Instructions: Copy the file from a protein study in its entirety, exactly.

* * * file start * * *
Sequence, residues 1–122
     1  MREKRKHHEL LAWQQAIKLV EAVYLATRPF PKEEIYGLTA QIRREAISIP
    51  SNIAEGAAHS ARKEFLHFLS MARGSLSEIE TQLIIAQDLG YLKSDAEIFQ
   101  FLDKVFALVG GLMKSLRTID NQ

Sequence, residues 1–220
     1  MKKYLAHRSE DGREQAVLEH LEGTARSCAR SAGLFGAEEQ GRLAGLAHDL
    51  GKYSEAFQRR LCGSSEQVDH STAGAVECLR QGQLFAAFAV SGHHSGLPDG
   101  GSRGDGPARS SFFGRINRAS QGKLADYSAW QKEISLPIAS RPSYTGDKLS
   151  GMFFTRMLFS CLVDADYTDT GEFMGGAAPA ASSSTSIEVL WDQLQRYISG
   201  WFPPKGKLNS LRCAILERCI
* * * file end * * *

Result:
Sequence, residues 1–122
     1  MREKRKHHEL LAWQQAIKLV EAVYLATRPF PKEEIYGLTA QIRREAISIP
    51  SNIAEGAAHS ARKEFLHFLS MARGSLSEIE TQLIIAQDLG YLKSDAEIFQ
   101  FLDKVFALVG GLMKSLRTID NQ

Sequence, residues 1–220
     1  MKKYLAHRSE DGREQAVLEH LEGTARSCAR SAGLFGAEEQ GRLAGLAHDL
    51  GKYSEAFQRR LCGSSEQVDH STAGAVECLR QGQLFAAFAV SGHHSGLPDG
   101  GSRGDGPARS SFFGRINRAS QGKLADYSAW QKEISLPIAS RPSYTGDKLS
   151  GMFFTRMLFS CLVDADYTDT GEFMGGAAPA ASSSTSIEVL WDQLQRYISG
   201  WFPPKGKLNS LRCAILERCI